Pillow lines and how to avoid them
One day a few months ago, I was putting my makeup on one morning on holiday when I noticed two huge creases on my forehead. These creases were diagonal, and ran from my hairline down my temple, unlike the other lines littering my forehead, which are all either horizontal or vertical (the “elevens” between the eyes).”Sleep wrinkles!” I thought with relief. “They’re just sleep wrinkles from my pillow, which means they’ll go away in a few minutes, like they always do – thank goodness for that!”
Except, the sleep wrinkles did not go away. Sure, they faded a little over the course of the day, but they didn’t disappear entirely, like the pillow lines of the past. Huh. I figured the hotel’s pillow cases were probably much starchier than the ones I use at home, so I ignored the two diagonal lines (which, after a bit of prodding, I could see were, indeed, the lines the skin on my forehead falls into when it’s pressed against the pillow) until I got home. And they were still there. They weren’t as bad as they’d been on holiday, so I’m guessing the pillow probably did have something to do with it, but as I always sleep on the same side (and can ONLY sleep on that side), they’re only going to get worse. So I did some investigating and came up with the following options:
3 Ways to Prevent Sleep Wrinkles
1. Anti-Wrinkle Pillows
As lying in the same position night after night is what causes sleep lines, it makes sense to try and modify your sleeping position to avoid making them worse (or to stop them before they start, if you’re lucky enough not to have any). Unfortunately for me, this seems to be an impossible task: I’ve been trying my best to sleep on my back, or even on my other side (so I develop a matching set of sleep wrinkles on the other side of my face!), but I just can’t do it.
I’m a creature of habit, and my habit is to sleep on my left side, so even if I start off in some other position, I’ll always end up with the left side of my face crushed into the pillow, developing more lines. These pillows are designed to stop you doing that. You can still lie on your side, but they support your head in such a way as to stop the skin creasing. Sounds fabulous, but unfortunately it doesn’t come cheap: the one shown above is the Grande Pillowette, which is £65, while La Petite will set you back £40. Still, if it works, then I’d consider that pretty cheap, so it could be well worth it. There are various other pillows like this on the market: I suspect I’ll be investing in one of them soon!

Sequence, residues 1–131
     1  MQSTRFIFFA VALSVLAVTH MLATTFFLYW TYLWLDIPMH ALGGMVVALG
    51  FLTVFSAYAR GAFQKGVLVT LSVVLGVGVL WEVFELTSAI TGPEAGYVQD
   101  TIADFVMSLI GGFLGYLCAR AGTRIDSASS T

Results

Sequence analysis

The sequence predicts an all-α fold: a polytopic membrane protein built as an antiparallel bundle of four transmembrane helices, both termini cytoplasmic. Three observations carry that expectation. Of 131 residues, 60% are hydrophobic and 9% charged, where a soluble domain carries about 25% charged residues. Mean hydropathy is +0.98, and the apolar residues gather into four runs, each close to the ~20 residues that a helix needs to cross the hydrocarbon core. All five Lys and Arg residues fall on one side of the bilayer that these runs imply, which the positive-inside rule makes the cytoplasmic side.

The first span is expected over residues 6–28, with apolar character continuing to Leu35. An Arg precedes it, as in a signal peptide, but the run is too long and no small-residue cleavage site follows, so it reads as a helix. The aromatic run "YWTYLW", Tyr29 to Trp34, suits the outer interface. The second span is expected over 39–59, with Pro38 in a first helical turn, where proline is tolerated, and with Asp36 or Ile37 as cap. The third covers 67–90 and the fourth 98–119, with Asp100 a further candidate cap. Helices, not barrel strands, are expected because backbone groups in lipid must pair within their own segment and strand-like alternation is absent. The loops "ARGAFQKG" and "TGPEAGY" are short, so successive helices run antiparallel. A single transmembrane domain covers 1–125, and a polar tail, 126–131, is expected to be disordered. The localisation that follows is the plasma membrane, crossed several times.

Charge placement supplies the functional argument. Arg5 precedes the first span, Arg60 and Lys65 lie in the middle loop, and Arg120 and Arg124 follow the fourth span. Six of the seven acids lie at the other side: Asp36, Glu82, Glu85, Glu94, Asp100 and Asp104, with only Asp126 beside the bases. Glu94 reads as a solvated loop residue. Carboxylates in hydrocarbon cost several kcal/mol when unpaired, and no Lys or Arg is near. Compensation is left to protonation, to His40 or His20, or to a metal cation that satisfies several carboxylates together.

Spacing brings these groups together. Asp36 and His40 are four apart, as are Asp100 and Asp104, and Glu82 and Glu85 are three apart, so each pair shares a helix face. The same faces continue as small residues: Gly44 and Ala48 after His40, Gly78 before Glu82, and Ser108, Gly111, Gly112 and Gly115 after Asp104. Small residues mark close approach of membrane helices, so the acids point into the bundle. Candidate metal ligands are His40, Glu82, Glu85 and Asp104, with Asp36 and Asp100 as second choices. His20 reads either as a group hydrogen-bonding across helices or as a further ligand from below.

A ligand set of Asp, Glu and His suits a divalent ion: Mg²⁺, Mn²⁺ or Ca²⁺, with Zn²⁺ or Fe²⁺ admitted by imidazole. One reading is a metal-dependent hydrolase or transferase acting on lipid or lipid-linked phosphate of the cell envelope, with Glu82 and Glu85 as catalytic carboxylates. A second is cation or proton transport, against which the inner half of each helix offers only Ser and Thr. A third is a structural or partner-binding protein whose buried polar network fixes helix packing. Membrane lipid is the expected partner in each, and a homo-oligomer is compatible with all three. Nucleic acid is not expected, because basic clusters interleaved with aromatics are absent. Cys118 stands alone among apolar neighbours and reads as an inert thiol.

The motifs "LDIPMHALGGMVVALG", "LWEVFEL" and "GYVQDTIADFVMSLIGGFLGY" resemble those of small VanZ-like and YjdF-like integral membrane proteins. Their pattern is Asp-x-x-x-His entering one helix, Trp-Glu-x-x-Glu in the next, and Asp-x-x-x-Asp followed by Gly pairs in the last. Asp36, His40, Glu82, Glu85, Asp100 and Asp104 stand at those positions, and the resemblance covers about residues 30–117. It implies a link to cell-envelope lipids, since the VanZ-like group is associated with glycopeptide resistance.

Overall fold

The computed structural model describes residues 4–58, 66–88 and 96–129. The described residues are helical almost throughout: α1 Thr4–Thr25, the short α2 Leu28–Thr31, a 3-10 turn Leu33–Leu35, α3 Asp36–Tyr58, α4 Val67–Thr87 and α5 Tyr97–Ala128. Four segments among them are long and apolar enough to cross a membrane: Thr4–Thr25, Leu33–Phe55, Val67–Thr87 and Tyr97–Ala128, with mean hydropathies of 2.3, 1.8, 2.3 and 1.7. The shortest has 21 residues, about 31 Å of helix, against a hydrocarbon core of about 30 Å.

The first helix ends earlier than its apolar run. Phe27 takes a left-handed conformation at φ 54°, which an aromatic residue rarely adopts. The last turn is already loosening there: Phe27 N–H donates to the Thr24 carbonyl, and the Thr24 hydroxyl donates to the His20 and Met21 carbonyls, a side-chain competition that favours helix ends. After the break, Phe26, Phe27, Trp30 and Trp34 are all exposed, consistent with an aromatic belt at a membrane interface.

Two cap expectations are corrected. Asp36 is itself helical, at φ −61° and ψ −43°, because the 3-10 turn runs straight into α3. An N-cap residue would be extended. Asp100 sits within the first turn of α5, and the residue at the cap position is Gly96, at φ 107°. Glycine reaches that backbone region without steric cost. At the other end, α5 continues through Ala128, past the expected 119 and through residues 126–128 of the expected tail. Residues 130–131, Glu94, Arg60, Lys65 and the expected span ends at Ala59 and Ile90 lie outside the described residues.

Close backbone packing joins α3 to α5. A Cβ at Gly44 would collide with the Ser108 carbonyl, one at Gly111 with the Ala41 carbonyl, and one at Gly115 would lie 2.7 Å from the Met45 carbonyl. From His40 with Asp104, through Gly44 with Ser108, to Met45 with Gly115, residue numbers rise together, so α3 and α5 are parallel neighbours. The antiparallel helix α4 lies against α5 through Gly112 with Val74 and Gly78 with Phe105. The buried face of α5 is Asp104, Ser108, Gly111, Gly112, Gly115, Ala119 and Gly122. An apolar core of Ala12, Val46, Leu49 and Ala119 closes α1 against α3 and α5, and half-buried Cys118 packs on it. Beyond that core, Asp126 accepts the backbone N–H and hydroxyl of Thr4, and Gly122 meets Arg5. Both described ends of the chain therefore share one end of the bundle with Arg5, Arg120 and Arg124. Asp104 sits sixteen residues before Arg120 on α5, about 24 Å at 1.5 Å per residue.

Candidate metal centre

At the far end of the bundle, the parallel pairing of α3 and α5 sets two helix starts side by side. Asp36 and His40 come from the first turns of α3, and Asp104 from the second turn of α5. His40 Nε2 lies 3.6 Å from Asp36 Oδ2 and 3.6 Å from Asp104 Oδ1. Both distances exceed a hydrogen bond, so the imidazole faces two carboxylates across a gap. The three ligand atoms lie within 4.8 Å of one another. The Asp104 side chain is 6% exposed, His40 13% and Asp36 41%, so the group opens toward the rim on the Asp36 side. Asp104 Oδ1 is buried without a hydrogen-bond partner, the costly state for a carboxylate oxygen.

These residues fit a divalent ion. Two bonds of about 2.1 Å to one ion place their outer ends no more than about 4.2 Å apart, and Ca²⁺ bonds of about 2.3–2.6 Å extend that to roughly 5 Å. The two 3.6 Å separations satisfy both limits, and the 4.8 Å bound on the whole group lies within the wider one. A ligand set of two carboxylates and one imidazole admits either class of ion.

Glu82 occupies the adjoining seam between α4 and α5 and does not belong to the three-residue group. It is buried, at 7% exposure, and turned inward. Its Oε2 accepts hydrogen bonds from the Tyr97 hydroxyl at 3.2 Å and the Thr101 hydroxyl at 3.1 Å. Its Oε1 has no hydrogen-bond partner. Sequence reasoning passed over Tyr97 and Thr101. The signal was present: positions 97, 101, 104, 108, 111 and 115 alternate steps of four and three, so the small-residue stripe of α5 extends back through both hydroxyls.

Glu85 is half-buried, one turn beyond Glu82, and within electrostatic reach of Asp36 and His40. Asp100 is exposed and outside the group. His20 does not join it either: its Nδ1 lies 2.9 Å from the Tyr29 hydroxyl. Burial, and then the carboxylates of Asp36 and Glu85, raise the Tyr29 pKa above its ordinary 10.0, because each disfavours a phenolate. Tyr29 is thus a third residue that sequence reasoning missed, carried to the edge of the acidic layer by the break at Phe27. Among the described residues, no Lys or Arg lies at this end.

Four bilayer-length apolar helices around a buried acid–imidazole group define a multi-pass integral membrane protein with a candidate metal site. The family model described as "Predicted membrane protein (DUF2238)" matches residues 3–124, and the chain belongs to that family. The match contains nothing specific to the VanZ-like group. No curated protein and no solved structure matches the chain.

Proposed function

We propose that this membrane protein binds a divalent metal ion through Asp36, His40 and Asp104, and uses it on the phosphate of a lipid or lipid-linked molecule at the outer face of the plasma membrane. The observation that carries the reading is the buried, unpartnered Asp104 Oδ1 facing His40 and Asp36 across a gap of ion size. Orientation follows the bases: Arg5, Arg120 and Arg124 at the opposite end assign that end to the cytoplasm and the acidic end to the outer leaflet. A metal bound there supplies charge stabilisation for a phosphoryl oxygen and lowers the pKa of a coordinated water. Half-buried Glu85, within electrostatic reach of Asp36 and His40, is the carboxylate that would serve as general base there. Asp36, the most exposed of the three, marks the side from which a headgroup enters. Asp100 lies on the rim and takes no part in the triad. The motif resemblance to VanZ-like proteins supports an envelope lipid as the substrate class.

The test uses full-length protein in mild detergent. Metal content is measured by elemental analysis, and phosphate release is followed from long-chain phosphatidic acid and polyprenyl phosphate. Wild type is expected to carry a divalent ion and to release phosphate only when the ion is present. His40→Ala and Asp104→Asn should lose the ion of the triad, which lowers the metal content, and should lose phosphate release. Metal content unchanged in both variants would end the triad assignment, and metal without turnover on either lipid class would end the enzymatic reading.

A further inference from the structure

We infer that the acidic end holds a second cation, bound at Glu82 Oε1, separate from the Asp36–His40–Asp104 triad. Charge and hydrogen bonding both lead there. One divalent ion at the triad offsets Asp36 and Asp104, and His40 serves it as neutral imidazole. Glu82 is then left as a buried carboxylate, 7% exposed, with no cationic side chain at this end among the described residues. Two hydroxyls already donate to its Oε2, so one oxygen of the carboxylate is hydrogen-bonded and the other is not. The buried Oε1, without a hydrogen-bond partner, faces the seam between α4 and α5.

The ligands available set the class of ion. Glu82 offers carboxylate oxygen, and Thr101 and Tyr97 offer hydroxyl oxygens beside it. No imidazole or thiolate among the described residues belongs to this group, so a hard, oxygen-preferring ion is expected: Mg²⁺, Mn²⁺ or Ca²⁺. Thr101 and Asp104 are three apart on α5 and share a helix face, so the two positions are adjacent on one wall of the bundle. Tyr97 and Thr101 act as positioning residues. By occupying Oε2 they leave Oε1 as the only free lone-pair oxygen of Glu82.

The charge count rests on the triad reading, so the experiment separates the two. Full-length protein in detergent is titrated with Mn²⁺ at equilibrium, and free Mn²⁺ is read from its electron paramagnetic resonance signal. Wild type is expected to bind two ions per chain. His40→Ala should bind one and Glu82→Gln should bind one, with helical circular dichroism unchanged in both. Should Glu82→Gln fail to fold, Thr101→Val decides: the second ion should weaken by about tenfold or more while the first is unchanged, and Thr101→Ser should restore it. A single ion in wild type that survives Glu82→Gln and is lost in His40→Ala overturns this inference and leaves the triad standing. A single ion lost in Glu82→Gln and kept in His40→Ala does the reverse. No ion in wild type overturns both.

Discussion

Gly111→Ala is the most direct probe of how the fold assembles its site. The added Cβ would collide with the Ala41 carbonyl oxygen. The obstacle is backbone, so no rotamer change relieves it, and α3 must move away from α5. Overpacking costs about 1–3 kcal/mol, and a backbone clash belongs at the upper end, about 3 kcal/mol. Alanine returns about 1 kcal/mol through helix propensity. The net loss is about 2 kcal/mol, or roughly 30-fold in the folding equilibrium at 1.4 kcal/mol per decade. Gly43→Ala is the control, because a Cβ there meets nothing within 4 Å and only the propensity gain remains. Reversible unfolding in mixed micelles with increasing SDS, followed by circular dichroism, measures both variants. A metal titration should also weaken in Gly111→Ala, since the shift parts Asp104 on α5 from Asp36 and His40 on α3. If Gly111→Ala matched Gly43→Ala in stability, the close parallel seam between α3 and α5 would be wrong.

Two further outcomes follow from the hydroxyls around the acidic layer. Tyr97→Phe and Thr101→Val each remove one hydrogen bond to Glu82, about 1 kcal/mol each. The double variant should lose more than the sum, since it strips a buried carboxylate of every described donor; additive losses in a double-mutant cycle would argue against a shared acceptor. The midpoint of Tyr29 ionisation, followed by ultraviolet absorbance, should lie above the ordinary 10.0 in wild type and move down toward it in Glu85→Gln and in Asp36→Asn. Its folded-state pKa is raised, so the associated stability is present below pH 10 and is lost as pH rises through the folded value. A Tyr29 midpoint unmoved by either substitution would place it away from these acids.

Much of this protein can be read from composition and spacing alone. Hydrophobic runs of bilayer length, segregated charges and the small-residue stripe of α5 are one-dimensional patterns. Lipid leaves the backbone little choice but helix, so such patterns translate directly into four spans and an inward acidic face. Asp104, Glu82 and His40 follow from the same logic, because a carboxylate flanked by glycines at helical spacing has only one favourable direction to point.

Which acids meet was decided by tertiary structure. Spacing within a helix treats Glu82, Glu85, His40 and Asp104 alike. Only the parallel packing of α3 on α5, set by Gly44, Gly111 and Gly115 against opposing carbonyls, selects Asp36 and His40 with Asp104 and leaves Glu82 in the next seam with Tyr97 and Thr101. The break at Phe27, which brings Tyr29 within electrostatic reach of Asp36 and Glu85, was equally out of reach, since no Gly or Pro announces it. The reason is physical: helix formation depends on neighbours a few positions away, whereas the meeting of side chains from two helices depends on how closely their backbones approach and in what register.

2. Silk pillowcases
Sleeping on a creased pillow is a great way to make sure you wake up with those same creases on your face the next morning, so for years now people have been marketing silk pillowcases as beauty aids, on the basis that they’re much less likely to crease your skin. (They’re also kinder to your hair than a normal pillow, too.) One company I’ve written about before is Silkskin although, again, there are plenty of other sources of silk pillowcases out there too.
Ah, Frownies! The sticky patches which you apply to your lines last thing at night, on the premise that they’ll prevent your skin from creasing during the night, and allow you to wake up looking at least a little less lines that you were the night before! They won’t make the lines go away for good, of course, but they claim to make them less visible, and prevent them getting worse. I’ve decided to make Frownies my first line of defence in the war against my diagonal forehead lines, and I have a brand new bow of them sitting on my desk right now, which I’ll start using this week, and will report back on in due course.
Does Botox work on Pillow Lines?
Apparently not. Botox works on dynamic lines – so, the ones that form due to you repeatedly moving the muscles of the face – and it works by effectively freezing that muscle, and preventing the movement that causes the problem. Sleep wrinkles, however, are caused simply by the skin folding against itself when pressed against a pillow. There are no muscles to freeze in the places my sleep wrinkles appear, for instance, so Botox wouldn’t make any difference to them, in the way it would to the “elevens” between my eyes, for instance.
If you are willing to go down a surgical route, however, it looks like a bit of dermal filler injected under the lines could help smooth their appearance: it won’t, however, prevent the sleep wrinkles from forming again as soon as you you squash your head against that pillow, so this is definitely one of those situations where prevention is better than cure: so, with that said, anyone else got any other suggestions on how to deal with the dreaded pillow lines?